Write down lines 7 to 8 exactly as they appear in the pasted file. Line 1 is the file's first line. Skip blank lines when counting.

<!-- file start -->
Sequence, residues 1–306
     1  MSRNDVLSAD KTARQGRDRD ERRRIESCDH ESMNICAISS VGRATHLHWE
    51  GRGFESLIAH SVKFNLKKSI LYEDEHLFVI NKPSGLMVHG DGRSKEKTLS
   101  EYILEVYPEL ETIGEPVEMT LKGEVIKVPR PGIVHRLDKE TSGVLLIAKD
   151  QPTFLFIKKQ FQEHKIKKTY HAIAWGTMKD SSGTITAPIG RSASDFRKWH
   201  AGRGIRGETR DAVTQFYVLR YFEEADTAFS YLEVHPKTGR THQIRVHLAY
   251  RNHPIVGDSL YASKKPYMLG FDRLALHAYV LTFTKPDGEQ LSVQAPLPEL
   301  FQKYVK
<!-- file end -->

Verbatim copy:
   251  RNHPIVGDSL YASKKPYMLG FDRLALHAYV LTFTKPDGEQ LSVQAPLPEL
   301  FQKYVK